Of the seven patients with “triad” asthma, five had nasal biopsy specimens showing ciliated epithelium. One of the male patients with a nasal biopsy revealing only squamous metaplasia provided us with a semen sample. An additional patient had squamous metaplasia of the biopsied nasal mucosa, with rare ciliated cells identified only by light microscopy. Scanning and transmission electron microscopy of those specimens with ciliated epithelium obtained from these “triad” asthmatics all showed ultrastructurally normal cilia. Fig 1 (for left) is a diagramatic cross section of a cilium.
As shown in Fig 1 (center left), the central pair, nine peripheral doublets and dynein arms were present in their normal relationships. Sperm tails from the one “triad” asthmatic patient likewise were normal as were the nasal cilia from the control subjects. In contrast, about 46 percent of the cilia from the positive control patient with situs inversus and sinusitis showed one of two types of defects. Some showed microtubular transposition with absent central pair and others revealed ectopic microtubular placement with a normal number of microtubules (Fig 1 [center right]). In favorably oriented cross sections of cilia, dynein arms were visible on nearly all peripheral doublets. Some had shortened arms, and rarely the arms were not visible on a doublet. No cilia were seen with totally absent dynein arms. Individual shortened orxapparently absent dynein arms were seen in occasional cilia from our normal controls (Fig 1 [far right]), and so the significance of this finding is uncertain.
Light and phase contrast microscopy of the nasal biopsy specimen from the five “triad” asthmatic subjects and the two control specimens revealed normal-appearing function with good wave-like motion. Sperm obtained from one of the “triad” patients, as noted above, were motile. Ibis finding is consistent with the normal cilia seen in the other patients. In contrast, tissue from the patient with situs inversus and sinusitis revealed stifiE bristle-like cilia with little motion. The minimal motion observed occurred in a slow, stiff side-to-side pattern with little or no bending of the cilia.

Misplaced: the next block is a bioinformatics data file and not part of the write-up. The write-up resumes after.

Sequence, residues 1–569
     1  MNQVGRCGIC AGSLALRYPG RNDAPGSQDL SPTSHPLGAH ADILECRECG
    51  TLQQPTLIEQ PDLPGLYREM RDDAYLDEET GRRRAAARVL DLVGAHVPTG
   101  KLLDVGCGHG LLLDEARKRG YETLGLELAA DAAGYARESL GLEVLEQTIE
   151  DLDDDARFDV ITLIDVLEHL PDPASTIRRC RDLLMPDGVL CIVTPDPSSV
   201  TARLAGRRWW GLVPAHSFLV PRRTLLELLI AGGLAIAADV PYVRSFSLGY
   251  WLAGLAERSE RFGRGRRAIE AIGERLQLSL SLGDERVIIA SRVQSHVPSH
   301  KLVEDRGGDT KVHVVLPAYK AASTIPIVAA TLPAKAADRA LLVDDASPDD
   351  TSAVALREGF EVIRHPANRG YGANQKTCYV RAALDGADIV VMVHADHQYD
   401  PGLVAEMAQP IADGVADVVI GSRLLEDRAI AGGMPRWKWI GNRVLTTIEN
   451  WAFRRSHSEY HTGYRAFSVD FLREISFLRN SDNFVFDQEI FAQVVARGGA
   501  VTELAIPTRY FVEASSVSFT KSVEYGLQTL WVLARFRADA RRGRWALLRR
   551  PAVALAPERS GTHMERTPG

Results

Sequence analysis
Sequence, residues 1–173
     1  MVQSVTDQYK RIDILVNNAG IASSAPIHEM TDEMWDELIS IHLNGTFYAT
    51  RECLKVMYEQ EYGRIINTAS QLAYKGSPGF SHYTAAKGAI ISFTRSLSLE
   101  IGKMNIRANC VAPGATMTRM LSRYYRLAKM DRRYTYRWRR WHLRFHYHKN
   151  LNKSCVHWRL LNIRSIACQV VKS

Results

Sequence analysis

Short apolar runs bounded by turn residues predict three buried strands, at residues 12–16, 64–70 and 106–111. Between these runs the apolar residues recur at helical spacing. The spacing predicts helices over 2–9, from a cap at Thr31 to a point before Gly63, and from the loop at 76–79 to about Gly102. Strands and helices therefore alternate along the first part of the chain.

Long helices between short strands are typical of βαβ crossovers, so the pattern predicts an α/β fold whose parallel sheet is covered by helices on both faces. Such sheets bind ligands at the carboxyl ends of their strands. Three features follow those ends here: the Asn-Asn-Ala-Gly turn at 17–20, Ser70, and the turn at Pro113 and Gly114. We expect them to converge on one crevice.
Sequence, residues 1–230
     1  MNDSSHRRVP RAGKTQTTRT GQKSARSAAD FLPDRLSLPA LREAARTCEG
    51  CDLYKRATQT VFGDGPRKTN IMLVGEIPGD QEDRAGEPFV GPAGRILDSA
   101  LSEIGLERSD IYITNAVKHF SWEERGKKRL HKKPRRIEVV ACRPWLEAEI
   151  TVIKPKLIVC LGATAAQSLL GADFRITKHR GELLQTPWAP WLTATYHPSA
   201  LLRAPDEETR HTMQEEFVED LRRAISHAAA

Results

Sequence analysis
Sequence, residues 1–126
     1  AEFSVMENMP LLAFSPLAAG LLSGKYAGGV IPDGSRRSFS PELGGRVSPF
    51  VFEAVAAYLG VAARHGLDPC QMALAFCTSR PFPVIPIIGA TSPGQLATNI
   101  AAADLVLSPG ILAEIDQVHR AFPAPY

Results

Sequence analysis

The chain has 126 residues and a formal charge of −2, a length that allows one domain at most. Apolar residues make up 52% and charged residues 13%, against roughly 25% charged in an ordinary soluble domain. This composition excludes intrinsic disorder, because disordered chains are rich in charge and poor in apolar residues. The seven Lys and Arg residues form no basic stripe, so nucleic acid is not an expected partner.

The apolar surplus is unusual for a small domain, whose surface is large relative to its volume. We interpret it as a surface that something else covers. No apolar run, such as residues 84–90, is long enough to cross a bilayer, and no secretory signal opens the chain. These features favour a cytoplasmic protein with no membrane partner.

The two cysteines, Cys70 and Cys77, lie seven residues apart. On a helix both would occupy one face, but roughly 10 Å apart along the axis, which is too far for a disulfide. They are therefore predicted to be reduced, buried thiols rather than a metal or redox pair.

Hie pieces of ciliated tissue remained viable in tissue culture for as long as 20 weeks. Cultures were eventually discarded because of contamination by bacteria and/or fungi. Sections of tissue which were in culture for V/i months were stained with aqueous toluidine blue. These sections revealed uptake of the stain by the ciliated epithelium with little to no uptake in the underlying lamina propria, indicating viability of the ciliated epithelium despite necrosis of the underlying tissue. Small pieces of ciliated tissue from all of the “triad” asthmatics taken periodically from the larger specimens in culture were perfused with 2 jig/ml aspirin solution in phosphate buffered saline for 30 minutes without any perceptible change in ciliary motility; perfusion with 200 |xg/ml aspirin solution for 60 minutes also produced no observable change. Likewise, perfusion for 30 minutes with a solution containing a combination of aspirin 2 }ig/ml and arachidonic acid 2.66 xlO” M yielded no change in ciliary activity. Perfusion with aspirin also did not affect the ciliary activity of the control tissue from two patients undergoing nasal surgery for unrelated reasons.
In view of the report by Forrest et al that ATP and ATPase can enhance the activity of cilia from patients with the immotile cilia syndrome, nasal tissue cultures from our patient with situs inversus and sinusitis were perfused with 5×10 g/ml ATP or 2.38 xlO g/ml ATPase. Enhanced ciliary motion was observed in three and five different experiments, respectively, with either agent. The enhanced ciliary motion was reversed by washing out the cultures with Earle s balanced salt solution and could be restored by reperfusion with ATP or ATPase (Fig 2). Of note was the finding that not every cilium observed increased its motion with the perfusion of these solutions: some cilia (less than 30 percent) remained immotile. The ATP and ATPase had no definitive effect on the already active ciliary motion of the “triad” asthmatics and controls.
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Figure 1. Far left, Diagram of cross section of cilium showing normal axoneme arrangement of nine outer microtubule doublets with inside and outside dynein arms and two central microtubules. Center left, Cilium from “triad” asthmatic patient with normal appearance. Center right, Ttoo cilia from patient with situs inversus and chronic sinusitis: one cilium with a 9 2 with translocation of a peripheral microtubular doublet and one cilium with a9 0 with translocation of a peripheral microtubular doublet arrangement. Far right, Cross sectional cilium from normal control patient with abnormal dynein arms (arrows) (original magnification x 110,000).
Figure 2. Ciliary response to sequential administration of ATP and ATPase in patient with situs inversus. Median ciliary motility was scored in a manner similar to Forrest et al.“The initial, small enhancement in ciliary motion after simply perfusing with Earles solution may just reflect slight mechanical stimulation from the medium perfusing the chamber and/ or the increase in temperature in the chamber from room temperature to 37° C.